This piece is what I might have said if I would have had an opportunity to speak at the 2015 Faith and Culture Writer’s Conference. In a future post or two I will write specifically about the conference.
My dear creative friends: bloggers, authors, poets, painters, sculptors, lyricists, editors, comic strip creators, and so on. Please don’t give up on your art.
Did you know the words you wrote would invade my world, giving wings to my imagination? Did you realize that your drawings, paintings, and sculptures would speak to my heart in ways that defy words?
You were there as a gentle guide when I first attempted to read. It was hard; I was an active child with more interest in my physical surroundings than words on a page. You conspired with my second grade teacher to breach the walls of resistance. At the first crack, tendrils of joyful imagination shone through, penetrating my heart. Your words made that happen. For this child. For millions in every generation.
The Cat in the Hat and so many others were my friends. You comforted me in the coming years as I continued to struggle. While classmates mocked me for my placement in a lower reading level, you gave me refuge in imaginary worlds I could understand. When they hurled abusive words at me for wearing hearing aids, you listened to my broken heart as I resonated with the travails of your characters. Deep in the twilight between silence and muted sound, your words rang clear, penetrating my emotional fog and defense mechanisms. You showed me love. Understanding. Compassion.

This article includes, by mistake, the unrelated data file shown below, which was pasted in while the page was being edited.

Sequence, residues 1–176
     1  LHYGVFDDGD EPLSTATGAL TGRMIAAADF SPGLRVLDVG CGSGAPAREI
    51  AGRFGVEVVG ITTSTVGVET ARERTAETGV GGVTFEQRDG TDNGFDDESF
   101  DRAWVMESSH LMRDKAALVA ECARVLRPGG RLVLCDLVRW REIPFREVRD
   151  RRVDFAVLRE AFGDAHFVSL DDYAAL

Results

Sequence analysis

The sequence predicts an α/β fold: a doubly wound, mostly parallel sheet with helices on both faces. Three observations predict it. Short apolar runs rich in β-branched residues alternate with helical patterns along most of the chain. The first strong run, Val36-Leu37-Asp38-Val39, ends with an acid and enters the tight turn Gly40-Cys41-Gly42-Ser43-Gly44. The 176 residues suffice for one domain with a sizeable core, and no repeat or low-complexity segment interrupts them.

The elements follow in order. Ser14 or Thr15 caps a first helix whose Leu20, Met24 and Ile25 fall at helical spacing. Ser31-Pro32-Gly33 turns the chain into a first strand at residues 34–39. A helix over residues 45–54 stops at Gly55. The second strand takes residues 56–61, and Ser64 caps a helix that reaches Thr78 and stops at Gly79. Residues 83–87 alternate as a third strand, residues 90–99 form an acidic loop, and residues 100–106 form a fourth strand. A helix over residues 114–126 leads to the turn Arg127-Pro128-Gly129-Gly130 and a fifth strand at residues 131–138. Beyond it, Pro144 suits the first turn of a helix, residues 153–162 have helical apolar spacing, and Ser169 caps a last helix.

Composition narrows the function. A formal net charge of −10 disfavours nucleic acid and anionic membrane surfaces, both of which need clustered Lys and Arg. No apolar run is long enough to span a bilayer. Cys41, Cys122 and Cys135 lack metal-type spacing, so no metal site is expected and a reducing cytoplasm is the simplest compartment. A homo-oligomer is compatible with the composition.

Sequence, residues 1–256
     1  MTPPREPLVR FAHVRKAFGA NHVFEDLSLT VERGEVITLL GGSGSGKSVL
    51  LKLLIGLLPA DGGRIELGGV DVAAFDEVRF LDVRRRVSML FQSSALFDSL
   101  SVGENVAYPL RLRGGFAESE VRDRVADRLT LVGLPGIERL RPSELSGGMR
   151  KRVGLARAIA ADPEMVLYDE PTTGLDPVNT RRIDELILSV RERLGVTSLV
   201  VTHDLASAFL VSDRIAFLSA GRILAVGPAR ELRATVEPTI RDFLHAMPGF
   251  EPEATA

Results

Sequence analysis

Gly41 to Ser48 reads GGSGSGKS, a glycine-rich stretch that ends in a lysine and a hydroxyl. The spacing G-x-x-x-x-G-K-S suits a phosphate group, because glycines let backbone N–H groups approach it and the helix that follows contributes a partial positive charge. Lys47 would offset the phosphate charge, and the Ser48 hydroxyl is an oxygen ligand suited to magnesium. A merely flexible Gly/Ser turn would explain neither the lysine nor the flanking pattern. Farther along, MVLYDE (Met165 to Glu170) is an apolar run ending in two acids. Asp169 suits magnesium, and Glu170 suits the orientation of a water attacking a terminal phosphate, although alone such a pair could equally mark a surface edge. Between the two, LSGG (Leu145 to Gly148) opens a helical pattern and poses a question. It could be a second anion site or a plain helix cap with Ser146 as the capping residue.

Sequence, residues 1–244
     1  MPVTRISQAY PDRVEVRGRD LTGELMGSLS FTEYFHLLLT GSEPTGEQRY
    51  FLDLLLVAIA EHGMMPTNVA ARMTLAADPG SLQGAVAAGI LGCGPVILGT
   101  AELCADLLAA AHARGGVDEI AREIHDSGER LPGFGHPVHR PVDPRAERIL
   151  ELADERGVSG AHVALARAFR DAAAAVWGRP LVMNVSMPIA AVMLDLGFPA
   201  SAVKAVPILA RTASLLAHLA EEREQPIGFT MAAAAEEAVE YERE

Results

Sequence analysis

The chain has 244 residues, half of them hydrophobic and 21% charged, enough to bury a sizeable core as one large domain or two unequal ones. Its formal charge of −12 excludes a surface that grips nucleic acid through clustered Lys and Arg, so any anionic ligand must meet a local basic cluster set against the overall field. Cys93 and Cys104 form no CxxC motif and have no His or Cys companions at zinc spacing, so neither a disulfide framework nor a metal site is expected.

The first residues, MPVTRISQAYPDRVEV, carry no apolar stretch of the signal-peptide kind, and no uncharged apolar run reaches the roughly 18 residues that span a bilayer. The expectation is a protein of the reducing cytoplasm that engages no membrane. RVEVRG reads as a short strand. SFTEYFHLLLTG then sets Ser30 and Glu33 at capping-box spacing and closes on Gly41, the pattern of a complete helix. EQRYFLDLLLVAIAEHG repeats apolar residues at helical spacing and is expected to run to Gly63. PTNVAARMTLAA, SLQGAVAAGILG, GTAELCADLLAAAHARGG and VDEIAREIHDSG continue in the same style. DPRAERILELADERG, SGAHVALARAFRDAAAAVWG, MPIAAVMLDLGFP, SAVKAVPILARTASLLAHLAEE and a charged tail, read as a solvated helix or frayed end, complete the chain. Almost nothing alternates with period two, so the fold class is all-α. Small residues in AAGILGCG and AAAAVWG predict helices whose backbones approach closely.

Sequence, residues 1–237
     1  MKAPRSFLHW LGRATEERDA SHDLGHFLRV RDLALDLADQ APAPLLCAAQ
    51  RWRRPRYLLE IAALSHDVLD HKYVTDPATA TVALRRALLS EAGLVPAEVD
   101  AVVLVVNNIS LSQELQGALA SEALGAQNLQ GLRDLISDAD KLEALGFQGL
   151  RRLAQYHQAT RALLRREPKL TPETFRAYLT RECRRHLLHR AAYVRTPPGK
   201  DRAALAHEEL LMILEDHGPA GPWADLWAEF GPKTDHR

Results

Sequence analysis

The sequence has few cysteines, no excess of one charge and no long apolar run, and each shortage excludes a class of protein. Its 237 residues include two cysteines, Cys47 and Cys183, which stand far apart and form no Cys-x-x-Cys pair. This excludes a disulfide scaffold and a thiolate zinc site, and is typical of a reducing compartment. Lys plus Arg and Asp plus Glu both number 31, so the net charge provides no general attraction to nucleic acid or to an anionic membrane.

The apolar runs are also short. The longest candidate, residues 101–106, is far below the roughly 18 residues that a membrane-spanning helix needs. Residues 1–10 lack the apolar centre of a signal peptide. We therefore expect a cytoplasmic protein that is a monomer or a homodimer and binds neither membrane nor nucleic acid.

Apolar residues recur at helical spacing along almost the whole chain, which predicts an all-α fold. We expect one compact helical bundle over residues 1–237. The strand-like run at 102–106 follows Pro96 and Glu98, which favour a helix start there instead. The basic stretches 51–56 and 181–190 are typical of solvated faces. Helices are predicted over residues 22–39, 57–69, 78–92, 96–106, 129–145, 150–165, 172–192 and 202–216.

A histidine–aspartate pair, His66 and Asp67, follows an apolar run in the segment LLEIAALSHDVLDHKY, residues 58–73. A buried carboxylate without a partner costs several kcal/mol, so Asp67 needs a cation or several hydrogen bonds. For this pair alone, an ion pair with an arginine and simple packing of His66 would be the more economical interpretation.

You did that.
As childhood gave way to adolescence, you welcomed me when few others cared to do so. Junior high was a war zone. I navigated it with the brave help of Bilbo, Frodo, and Samwise Gamgee. Hazel, Bigwig, Fiver, Silver and the rest of their displaced friends gave voice to the confusion and fear I often felt.
I paid closest attention to the ordinary details of your characters. Their flaws, insecurities, fears, stubbornness, hope.
At eighteen years old, I clung to their hope even as I swam in depression and stood at the precipice of suicide on a cliff face somewhere along the Washougal River.
They helped to expose my choices and the resulting hurts, allowing healing to begin.
As I entered adulthood, your memoirs silenced fears of telling my personal story; well, mostly. Didn’t it hurt to be so–well–vulnerable? When you wrote of your pain, my scars throbbed, my tears flowed.
When you revealed your failures, I remembered mine and wondered if I could be so brave as you. There is no adversary so potent as the one we allow residence in our thinking and in our hearts.
You also made me laugh as the T-Rex chased Calvin through a ravine, as Alice explored the marvelous wonders of her cul-de-sac, and as irony slapped uptight religious pharisaism on its backside, whispering for it to relax.
Now in my middle years, I remember your influence through paintings of words, sculptures of poetry, and breathtaking excursions into your story.
Thank you. May the joy you’ve given me fill your heart also as you continue to pursue your craft. Someone–no, many someone’s out there need your art. Enter their story through yours even as God orchestrates your journey.